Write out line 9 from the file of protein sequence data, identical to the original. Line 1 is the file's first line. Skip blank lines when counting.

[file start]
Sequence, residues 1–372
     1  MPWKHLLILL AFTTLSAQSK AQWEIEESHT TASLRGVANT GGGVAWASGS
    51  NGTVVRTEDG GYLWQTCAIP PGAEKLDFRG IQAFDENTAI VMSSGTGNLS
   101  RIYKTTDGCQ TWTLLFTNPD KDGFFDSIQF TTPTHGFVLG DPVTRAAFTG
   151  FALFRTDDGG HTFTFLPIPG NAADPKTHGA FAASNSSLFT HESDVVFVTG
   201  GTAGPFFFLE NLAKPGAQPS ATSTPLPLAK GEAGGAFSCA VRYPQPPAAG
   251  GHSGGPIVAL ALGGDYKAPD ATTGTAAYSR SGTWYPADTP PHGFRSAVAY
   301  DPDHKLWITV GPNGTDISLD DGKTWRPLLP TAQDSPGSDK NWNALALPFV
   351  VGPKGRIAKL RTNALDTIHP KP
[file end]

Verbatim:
   351  VGPKGRIAKL RTNALDTIHP KP